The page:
Asus and Acer 3D laptops cool, but lack of content is a problem
I had a go at James Cameron‘s Avatar: The Game in 3D on the new Asus G51J-3D, one of two 3D laptops I’ve been testing. The other is the Acer Aspire 5738DG 3D. Both attempt to duplicate the illusion of depth familiar to people who watch 3D movies. You’ll have to put on the kind of special glasses you wear to watch 3D flicks at the local cinema.
On the computers, you can watch videos, admire pictures and, yes, play games in 3D. But the technologies that make 3D possible on the respective machines differ and don’t exactly match the prowess of Avatar director Cameron.
The Asus is targeted at gamers. It is a far more robust notebook and a step up in class 3D-wise compared with the Acer, though there are a couple of immediate tradeoffs. At $1,699, the Asus commands more than double the $780 price of the Acer. And the Asus machine was more complicated to set up.
What’s more, so-called TriDef software on the Acer lets you convert 2D movies and pictures to 3D in real time, so you can look at content you already own in 3D. It’s kind of fun at first, though the effect is quite modest.
Escaping the hype surrounding 3D is a bigger challenge than combating one of the mammoth creatures in Avatar. But it’s an open question whether the immense popularity of 3D in the theater can be duplicated at home.
It isn’t for lack of trying. Freshly minted 3D televisions at premium prices are slated to hit stores in coming weeks. The first 3D Blu-ray movies and players are also coming, followed later in 2010 by brand-new 3D TV channels from ESPN and Discovery. And there are a bunch of 3D computer games.
I’m not convinced there’s any mainstream appeal for laptops with 3D, at least not yet. There’s simply not enough content. The technology is intriguing if imperfect, and it should appeal to well-heeled early adopters. While the family might someday congregate to watch 3D fare on a living room TV, watching 3D on a laptop is a more solitary affair. The 3D effects were decent (especially on the Asus), but nowhere close to what you’ll see at the neighborhood multiplex. Watching 3D can cause eye fatigue. You’ll likely have to mess around with software settings in games to get it just right.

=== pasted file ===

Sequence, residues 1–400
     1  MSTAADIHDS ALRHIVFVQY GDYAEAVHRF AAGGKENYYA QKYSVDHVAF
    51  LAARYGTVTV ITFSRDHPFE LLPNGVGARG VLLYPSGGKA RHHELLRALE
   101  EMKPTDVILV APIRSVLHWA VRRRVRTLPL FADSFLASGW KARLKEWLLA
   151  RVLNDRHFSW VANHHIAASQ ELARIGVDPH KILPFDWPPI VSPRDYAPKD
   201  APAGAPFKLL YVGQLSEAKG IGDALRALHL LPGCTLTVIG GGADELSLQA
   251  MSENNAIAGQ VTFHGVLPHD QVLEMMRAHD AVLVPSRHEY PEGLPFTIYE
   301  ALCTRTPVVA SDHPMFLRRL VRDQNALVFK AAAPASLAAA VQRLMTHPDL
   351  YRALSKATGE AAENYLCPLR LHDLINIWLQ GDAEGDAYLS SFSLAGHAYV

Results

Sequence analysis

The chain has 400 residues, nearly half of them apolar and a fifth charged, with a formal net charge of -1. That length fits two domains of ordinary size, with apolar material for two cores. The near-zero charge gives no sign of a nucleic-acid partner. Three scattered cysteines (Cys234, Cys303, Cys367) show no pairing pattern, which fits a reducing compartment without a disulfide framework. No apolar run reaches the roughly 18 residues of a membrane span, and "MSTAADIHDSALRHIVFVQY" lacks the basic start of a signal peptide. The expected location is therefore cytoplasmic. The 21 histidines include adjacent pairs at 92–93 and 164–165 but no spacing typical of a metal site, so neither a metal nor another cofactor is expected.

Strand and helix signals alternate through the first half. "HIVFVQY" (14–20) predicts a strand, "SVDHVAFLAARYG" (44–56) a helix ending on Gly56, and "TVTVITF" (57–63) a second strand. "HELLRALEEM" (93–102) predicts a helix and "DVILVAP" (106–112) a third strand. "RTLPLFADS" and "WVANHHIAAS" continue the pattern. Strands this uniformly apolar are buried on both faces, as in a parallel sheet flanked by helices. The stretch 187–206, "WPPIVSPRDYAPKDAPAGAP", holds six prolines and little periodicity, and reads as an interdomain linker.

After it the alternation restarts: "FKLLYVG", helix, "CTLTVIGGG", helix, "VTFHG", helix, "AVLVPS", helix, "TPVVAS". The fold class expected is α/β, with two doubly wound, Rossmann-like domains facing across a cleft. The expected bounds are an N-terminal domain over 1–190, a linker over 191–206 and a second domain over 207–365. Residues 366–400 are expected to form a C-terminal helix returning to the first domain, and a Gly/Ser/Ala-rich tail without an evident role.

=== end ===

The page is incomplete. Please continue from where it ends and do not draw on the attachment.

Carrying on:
Having access to 3D movies and other content is critical, especially to non-gamers. You can download some of this 3D fare now, but not a lot is available. While 3D Blu-ray movies are on the way, you’ll need new software to play them, and neither laptop has a Blu-ray player. Meanwhile, there are industry efforts to stream 3D videos. And Fujifilm is selling a 3D-capable digital camera for consumers.
Here’s a closer look.
•The technology. These are standard laptops with 15.6-inch screens, 4 gigabytes of RAM and 320-GB hard drives — the 3D is what sets them apart. The 3D on the Asus is based on technology from Nvidia. You don what are called active battery-powered “shutter” glasses that communicate with a small infrared box that you connect to the computer through USB. Basically, 120 times a second, the laptop screen sequentially delivers a different “right” and “left” image. The box emits a signal to the glasses that alternately closes and opens the right and left lens. The brain is tricked into viewing 3D. You can wear the sunglass-style spectacles over your regular prescription eyewear. They recharge via USB; Nvidia says they’ll last for 40 hours on a single charge. The glasses automatically shut off after 10 minutes of inactivity or if you lose line of sight from the emitter, which I found at times disconcerting.
Asus bundles the 3D glasses with the machine (along with a gaming mouse). But be prepared to pay if you lose or break the glasses or want to share an extra pair with family members: They cost $149 at Nvidia’s site.
Acer chose a less-expensive route. It supplies a pair of non-electronic polarizer glasses (plus clip-ons to wear over your regular glasses). In simplified terms, the laptop screen is polarized, or coated, so that one set of “even” lines delivers one image, while another set of “odd” lines delivers a slightly different image. As you wear the glasses, each eye is able to see only one of the corresponding images; the brain fuses them together so you experience stereoscopic 3D. Replacement glasses from Acer cost just $15.
•Performance. You have to tilt the computer to get a proper viewing angle on the Acer — the image jumped around as I moved my head. I had no trouble finding and keeping a sweet spot on the Asus. Another advantage for the Asus: Working with Nvidia means more games are compatible with its 3D system. I sampled Batman: Arkham Asylum in addition to the Avatar game. But I did run into a snag on the Avatar game in which the screen flickered until I relaunched the program.
On the Acer machine, I liked being able to convert some 2D family photos (in the JPEG format) to 3D, a feature not currently available on the Asus. I similarly converted a couple of older DVDs: Spider-Man and Moulin Rouge. Controls within the software let you change the depth of a scene or adjust how much of the 3D effect is shown in the front of an image. But keep your expectations in check.
Perhaps 3D on laptops will move beyond a niche audience. For now it’s an intriguing curiosity that promises to become more appealing as the technology improves and there’s more stuff to watch.